Today, the Supreme Court announced its judgment on the Royal Mencap Society V Tomlinson-Blake case on the payment of sleep-in shifts for support workers.
Here is Mencap’s response to the Supreme Court’s judgment:
Edel Harris, Chief Executive of the Royal Mencap Society, said:
“Support workers within Mencap and across the sector do an exceptional job. They are dedicated in their care for people with a learning disability A learning disability is to do with the way someone's brain works. It makes it harder for someone to learn, understand or do things. and should be paid more. They are care workers on the coronavirus front line and deserve better recognition in all forms. The Supreme Court in its judgment rightly recognises this. But we understand that many hard-working care workers will be disappointed by its ruling.
“Mencap contested this case because of the devastating unfunded back pay liabilities facing providers across the sector. This was estimated at £400 million. Sleep-ins are a statutory care service A service gives people what they need, like healthcare services that help people when they are ill, and support services that give people support. which should be funded by Local Authorities, and ultimately Government. It is no exaggeration to say that if the ruling had been different, it would have severely impacted on a sector which is already underfunded and stretched to breaking point. Some providers would have gone bust and, ultimately, the people who rely on care would have suffered.
“We believe that the legislation covering sleep-in payments is out of date and unfair and we call on Government to reform it. More widely, they should do a thorough and meaningful review of the social care workforce and put more money into the system so that we can pay our hardworking colleagues better. It is disappointing that there is still no plan for social care reform.
“Today’s decision means that we can continue our important work which includes fighting for the rights Rights are the things everyone should be allowed to do like have a say, or go to school. of people with a learning disability, giving information and advice and promoting inclusion, as well as supporting people to live brilliant lives.
“Until there is a more sustainable solution from Government, we plan to continue to pay top ups for sleep-ins, as we have done since 2017, and will urge Local Authorities to continue to cover this in their contracts.”
For further information, please contact Mencap’s media team on: email@example.com or 020 7696 5414 (including out of hours).
Notes to editors:
There are approximately 1.5 million people with a learning disability in the UK. Mencap works to support people with a learning disability, their families and carers by fighting to change laws, improve services and access to education Education is when you learn things. When you fill in a form to get a job, education means you write where you went to school, college or university. , employment Employment means having a job. and leisure Leisure is when you have time to do things you enjoy like playing sports or going to the pub. facilities. Mencap supports thousands of people with a learning disability to live their lives the way they want: www.mencap.org.uk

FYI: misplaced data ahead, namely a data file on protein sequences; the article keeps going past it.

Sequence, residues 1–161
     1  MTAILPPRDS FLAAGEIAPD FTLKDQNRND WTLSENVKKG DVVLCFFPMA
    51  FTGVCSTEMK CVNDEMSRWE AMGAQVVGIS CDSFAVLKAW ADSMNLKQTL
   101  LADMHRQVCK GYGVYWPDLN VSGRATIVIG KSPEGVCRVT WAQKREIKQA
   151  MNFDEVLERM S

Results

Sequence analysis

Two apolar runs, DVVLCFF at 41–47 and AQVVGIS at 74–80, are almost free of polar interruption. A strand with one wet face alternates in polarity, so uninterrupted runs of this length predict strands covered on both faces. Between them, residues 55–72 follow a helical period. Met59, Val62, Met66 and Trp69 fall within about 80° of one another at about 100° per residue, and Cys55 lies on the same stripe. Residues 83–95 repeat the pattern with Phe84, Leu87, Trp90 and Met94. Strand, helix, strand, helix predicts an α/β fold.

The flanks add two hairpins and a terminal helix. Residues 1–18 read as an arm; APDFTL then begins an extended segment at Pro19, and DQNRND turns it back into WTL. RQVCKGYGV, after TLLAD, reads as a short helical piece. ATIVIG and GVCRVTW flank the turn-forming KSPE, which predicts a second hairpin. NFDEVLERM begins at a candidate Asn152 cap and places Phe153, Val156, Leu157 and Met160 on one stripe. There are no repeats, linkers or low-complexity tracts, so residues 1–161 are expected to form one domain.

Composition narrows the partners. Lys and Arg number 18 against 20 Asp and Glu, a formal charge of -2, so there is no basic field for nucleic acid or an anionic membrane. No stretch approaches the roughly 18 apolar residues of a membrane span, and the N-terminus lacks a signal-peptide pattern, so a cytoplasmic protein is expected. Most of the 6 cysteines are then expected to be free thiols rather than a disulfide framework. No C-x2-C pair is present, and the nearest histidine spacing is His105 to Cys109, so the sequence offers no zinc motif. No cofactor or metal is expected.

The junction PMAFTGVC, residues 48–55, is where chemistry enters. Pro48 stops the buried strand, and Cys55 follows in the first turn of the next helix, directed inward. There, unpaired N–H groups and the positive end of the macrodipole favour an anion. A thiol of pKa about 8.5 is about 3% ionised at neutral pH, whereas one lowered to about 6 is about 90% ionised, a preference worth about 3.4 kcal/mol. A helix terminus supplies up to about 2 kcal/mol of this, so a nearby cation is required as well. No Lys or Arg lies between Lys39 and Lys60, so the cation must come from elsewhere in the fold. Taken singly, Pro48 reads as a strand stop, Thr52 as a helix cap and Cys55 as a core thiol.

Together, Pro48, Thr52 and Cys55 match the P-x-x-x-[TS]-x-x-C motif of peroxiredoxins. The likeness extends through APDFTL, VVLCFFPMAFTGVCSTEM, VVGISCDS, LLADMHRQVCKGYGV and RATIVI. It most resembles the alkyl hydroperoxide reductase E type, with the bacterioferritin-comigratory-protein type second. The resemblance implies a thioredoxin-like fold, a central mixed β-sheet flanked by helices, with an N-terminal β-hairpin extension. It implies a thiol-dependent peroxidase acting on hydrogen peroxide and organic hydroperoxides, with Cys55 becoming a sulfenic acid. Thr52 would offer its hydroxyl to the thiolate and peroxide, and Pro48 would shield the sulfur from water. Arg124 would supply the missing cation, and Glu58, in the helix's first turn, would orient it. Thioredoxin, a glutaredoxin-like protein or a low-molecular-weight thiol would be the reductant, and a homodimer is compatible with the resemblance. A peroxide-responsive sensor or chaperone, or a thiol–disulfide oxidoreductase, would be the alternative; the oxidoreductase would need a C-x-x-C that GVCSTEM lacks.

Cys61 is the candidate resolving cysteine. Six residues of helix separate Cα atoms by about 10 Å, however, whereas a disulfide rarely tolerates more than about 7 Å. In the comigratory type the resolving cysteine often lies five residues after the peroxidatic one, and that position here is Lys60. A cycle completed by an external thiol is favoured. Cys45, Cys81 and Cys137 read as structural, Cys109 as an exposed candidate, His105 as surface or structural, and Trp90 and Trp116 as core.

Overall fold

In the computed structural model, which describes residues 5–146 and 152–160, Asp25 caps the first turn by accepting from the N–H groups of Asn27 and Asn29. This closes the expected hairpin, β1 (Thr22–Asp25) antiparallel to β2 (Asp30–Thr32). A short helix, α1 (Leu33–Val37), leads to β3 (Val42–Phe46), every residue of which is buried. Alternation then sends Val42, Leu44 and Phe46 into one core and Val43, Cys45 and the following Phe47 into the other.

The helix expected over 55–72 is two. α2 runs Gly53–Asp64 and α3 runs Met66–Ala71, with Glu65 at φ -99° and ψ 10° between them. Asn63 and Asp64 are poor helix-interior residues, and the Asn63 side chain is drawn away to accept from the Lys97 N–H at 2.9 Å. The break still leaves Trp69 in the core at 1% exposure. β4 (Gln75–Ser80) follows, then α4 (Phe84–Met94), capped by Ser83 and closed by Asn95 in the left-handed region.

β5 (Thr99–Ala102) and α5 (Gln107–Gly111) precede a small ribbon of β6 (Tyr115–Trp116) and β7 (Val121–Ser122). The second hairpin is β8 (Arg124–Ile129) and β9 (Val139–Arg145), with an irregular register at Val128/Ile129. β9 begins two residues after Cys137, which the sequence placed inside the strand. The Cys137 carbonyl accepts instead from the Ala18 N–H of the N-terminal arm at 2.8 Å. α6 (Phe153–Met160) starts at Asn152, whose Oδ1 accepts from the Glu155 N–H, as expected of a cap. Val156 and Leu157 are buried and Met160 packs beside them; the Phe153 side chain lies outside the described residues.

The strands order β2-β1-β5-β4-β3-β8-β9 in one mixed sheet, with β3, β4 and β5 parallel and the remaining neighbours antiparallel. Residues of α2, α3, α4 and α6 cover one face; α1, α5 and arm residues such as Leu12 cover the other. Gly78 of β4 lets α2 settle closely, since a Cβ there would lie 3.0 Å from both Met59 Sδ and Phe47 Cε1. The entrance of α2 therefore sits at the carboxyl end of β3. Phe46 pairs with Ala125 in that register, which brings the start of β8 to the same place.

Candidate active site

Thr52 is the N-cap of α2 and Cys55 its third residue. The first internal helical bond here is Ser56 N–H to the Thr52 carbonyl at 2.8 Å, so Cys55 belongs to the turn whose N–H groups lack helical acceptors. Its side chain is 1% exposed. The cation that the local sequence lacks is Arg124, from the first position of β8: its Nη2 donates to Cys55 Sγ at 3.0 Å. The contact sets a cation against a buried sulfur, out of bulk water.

For advice and information about learning disability and Mencap services in your area, contact Mencap’s Freephone Learning Disability Helpline on 0808 808 1111 (10am-3pm, Monday-Friday) or email firstname.lastname@example.org.
What is a learning disability?
- A learning disability is a reduced intellectual ability which can cause problems with everyday tasks – for example shopping and cooking, or travelling to new places – which affects someone for their whole life;
- Learning disability is NOT a mental illness or a learning difficulty, such as dyslexia Dyslexia is a learning difficulty. People who have dyslexia can find it hard to read, write and spell. . Very often the term ‘learning difficulty’ is wrongly used interchangeably with ‘learning disability’;
- People with a learning disability can take longer to learn new things and may need support to develop new skills, understand difficult information and engage with other people. The level of support someone needs is different with every individual. For example, someone with a severe learning disability might need much more support with daily tasks than someone with a mild learning disability.